A fusillade of bitter but hilarious repartee
From Plautus to Pirandello, farce has always been the easiest thing for readers and audiences to enjoy and the hardest thing for creators to render on to page, stage or screen.
It is the speed chess of literary forms, requiring split-second timing and a sure sense of the Seussian architecture of the antic — the way it builds and builds through action and dialogue until the story has been cantilevered, way past sense and order and societal norms, over the abyss of pure nonsense.
Farce rarely works in the context of the novel. Milan Kundera has ventured a MittelEuropean, philosophical-inflected version in his fiction; Evelyn Waugh’s Vile Bodies and Kingsley Amis’s Lucky Jim offer a peculiarly Angloabsurdist take on the form. You could argue that individual chapters of Australian literature’s ur-novel, Joseph Furphy’s Such is Life, work as farce. But most of these examples are short, novella-length. Longer works can’t help but grant their characters psychological and moral depth: qualities that are the kiss of death when it comes to farce’s omni-dimensional exaggerations.
That Toni Jordan’s new novel manages to be a full-length fiction that simultaneously operates as a hugely enjoyable farce and an emotionally rich domestic drama is a testament to her skills as a writer and the charm of her voice. Like those extreme ironers who climb mountains in order to press boxer shorts at the summit, the frisson of Our Tiny, Useless Hearts comes from the ludicrous contrast of registers.
Not that Jordan isn’t obedient to the rules of the game. Her novel, which opens in medias res and then proceeds to get very hectic very swiftly, takes place over a 24-hour period and unfolds in a suburban home somewhere in Melbourne’s settled, self-satisfied, arboreal fringe. We first meet a woman named Janice who is doing her best to mediate in a domestic dispute between her sister Caroline and brother-in-law Henry, while keeping her two adored nieces Paris and Mercedes out of the line of fire.
Henry has had an affair with a young and attractive teacher named Martha at the girls’ school. Caroline, a teenage goth turned controlfreak middle-aged mum, has not taken the news well. The opening pages unfold beneath a fusillade of bitter but hilarious repartee, loud enough to attract the unwanted attentions of friends and irrepressibly nosy neighbours Craig and Lesley, who front up on the doorstep and will not be moved. Just when you think the banter can’t get faster, wittier or more non sequiturial, Henry drops a bombshell. This is not just an affair: he is in love. What’s more, he is leaving: At the front door, we are all still. None of us dares to breathe. Then Caroline’s mouth falls open and her skin yellows and shrinks. She is hollow now. The rage has gone out of her and her shell is upright only from the habit of her bones. She is watching their life unspool before her eyes and she is thinking of the future, of the years to come without him.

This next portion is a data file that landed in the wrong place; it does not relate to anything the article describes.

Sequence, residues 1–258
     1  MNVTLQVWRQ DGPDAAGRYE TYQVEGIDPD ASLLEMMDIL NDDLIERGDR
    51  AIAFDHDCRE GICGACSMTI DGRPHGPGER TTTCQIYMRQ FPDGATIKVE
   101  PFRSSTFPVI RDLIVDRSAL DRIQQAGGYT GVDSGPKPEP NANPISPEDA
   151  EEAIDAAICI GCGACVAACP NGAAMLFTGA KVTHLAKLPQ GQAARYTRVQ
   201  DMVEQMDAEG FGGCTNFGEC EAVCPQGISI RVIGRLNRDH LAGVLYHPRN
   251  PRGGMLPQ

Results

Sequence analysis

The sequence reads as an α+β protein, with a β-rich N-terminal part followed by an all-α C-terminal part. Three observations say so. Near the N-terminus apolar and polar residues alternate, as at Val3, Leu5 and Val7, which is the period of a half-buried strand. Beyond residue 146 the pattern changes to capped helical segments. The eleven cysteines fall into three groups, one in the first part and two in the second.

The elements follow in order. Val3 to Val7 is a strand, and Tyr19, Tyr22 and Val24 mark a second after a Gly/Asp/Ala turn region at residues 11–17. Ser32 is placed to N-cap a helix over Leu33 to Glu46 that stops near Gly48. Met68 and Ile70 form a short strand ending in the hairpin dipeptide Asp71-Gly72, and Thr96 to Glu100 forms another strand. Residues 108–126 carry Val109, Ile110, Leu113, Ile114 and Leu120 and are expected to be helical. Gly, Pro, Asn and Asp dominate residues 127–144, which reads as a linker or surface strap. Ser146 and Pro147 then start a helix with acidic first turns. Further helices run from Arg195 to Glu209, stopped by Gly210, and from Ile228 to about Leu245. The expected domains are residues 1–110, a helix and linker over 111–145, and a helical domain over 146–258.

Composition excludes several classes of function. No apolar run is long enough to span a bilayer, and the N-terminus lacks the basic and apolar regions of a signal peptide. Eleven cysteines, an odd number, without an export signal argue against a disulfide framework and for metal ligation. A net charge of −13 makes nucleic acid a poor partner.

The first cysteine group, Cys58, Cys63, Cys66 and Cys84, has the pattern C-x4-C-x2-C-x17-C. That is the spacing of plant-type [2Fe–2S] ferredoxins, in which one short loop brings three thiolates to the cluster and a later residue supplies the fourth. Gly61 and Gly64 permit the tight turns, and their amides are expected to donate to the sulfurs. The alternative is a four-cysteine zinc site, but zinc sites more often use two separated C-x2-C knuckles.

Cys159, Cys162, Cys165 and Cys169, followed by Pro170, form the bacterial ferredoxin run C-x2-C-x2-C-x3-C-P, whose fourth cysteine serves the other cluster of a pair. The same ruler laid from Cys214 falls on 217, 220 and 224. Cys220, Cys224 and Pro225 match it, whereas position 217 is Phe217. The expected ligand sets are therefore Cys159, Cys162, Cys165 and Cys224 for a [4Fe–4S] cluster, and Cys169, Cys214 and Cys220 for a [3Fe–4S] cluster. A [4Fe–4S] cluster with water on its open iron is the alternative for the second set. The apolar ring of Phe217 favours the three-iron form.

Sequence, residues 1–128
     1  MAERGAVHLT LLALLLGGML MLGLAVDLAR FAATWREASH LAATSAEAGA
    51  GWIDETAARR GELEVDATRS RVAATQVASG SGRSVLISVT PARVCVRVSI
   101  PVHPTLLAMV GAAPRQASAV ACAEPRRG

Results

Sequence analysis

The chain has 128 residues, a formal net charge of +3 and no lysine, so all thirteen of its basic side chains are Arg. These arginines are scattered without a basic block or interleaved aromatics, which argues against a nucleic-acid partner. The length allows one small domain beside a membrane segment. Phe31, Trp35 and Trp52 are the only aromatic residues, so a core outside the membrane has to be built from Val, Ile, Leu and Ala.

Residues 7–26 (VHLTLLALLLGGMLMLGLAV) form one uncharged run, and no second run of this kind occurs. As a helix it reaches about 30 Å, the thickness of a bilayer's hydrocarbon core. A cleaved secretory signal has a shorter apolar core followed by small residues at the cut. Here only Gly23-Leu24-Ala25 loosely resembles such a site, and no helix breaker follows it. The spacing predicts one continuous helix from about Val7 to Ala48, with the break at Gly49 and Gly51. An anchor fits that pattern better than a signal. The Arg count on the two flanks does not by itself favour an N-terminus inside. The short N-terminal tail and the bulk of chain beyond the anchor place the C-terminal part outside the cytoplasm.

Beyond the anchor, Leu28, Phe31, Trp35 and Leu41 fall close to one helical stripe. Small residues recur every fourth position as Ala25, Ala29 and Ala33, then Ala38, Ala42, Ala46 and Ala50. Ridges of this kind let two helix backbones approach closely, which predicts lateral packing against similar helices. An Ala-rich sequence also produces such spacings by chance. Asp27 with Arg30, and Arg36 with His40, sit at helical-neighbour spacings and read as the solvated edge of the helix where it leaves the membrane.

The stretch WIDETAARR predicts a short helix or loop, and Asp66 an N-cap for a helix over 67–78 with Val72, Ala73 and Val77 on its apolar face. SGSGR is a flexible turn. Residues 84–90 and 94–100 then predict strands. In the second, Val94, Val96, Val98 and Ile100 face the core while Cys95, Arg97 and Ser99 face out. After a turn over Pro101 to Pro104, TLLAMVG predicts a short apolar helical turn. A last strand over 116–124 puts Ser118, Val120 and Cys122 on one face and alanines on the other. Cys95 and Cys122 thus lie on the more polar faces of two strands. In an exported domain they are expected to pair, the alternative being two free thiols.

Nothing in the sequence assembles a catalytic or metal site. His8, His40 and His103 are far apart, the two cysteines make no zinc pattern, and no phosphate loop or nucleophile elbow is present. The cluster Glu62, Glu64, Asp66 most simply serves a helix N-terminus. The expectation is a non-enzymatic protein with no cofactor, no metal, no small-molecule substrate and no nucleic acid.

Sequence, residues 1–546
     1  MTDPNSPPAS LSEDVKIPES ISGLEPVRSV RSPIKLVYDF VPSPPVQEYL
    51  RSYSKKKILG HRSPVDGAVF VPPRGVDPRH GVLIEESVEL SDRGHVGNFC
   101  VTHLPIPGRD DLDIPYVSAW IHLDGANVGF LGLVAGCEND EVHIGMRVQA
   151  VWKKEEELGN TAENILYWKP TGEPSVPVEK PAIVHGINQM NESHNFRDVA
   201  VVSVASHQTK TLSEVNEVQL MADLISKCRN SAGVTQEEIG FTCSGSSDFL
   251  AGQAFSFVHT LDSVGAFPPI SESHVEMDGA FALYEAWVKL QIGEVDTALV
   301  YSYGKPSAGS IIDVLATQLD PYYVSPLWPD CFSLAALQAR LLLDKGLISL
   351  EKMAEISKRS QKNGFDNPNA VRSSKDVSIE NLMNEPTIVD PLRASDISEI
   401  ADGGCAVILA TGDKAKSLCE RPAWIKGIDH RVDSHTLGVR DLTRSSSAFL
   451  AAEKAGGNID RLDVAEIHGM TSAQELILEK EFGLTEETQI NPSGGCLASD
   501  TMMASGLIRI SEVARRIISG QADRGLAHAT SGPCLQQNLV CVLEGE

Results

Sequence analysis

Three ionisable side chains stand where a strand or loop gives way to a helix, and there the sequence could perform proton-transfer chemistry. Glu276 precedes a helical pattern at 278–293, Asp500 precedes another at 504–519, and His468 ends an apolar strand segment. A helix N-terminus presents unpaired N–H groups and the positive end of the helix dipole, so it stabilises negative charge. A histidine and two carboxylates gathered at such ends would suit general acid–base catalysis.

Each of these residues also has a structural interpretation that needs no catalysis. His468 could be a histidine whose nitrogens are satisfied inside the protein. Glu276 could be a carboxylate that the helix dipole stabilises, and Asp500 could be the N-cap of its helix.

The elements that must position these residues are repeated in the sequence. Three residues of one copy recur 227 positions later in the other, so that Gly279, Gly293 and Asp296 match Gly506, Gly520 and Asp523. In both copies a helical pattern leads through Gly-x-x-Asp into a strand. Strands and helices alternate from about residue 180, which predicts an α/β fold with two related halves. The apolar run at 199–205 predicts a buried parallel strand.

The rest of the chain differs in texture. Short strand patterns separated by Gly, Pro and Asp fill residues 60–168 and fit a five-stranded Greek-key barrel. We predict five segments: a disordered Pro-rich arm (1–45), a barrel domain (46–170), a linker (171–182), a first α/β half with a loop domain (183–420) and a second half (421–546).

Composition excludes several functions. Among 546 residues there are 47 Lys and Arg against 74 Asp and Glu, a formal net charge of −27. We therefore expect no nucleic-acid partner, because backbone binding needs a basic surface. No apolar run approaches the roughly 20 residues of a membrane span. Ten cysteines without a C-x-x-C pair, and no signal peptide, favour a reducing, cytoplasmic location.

And this is the process Jordan employs throughout: a wisecrack, followed by a heartbreak. The reason this combination works is Janice. It is her consciousness that filters or transcribes the dialogue flying about, and it is her backstory that we are privy to. She is a scientist, her role the culturing of bacteria, and her rationalist’s objectivity is a neat foil for the perfervid conduct of those around her.
But Janice also has her own secret and heartbreak: she is still in love with her former husband Alec. She divorced him when she became aware she was unable to have children: Rabbits breed like rabbits, rats breed like rats, humans breed like incompetent clowns who need perfect vaginal acidity, optimum cervical mucous levels, ideal scrotal temperature, pinpoint timing and Serge Gainsbourg on shuffle before they even consider producing so much as one offspring every other season.
This brute fact of biology is one she arrays against otherwise happy marital circumstance. Her husband was orphaned in early adulthood; he has no siblings. If he stays with Janice, “he’s marooned without a generation behind him or one in front’’. They have been separated for about 18 months by the time the novel begins.
All this narrative extrapolation is wedged between accounts of real-time events. In short